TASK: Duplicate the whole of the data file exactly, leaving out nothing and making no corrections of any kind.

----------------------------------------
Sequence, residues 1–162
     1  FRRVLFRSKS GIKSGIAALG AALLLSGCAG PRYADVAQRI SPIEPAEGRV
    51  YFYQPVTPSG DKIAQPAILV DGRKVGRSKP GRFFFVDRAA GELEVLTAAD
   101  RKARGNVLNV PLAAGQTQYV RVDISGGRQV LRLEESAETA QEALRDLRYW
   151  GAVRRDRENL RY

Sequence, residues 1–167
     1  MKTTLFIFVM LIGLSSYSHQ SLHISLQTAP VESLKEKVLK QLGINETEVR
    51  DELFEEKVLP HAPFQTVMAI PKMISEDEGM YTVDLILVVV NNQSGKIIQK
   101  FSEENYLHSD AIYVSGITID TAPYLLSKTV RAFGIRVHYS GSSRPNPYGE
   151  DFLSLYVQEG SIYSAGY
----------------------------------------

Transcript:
Sequence, residues 1–162
     1  FRRVLFRSKS GIKSGIAALG AALLLSGCAG PRYADVAQRI SPIEPAEGRV
    51  YFYQPVTPSG DKIAQPAILV DGRKVGRSKP GRFFFVDRAA GELEVLTAAD
   101  RKARGNVLNV PLAAGQTQYV RVDISGGRQV LRLEESAETA QEALRDLRYW
   151  GAVRRDRENL RY

Sequence, residues 1–167
     1  MKTTLFIFVM LIGLSSYSHQ SLHISLQTAP VESLKEKVLK QLGINETEVR
    51  DELFEEKVLP HAPFQTVMAI PKMISEDEGM YTVDLILVVV NNQSGKIIQK
   101  FSEENYLHSD AIYVSGITID TAPYLLSKTV RAFGIRVHYS GSSRPNPYGE
   151  DFLSLYVQEG SIYSAGY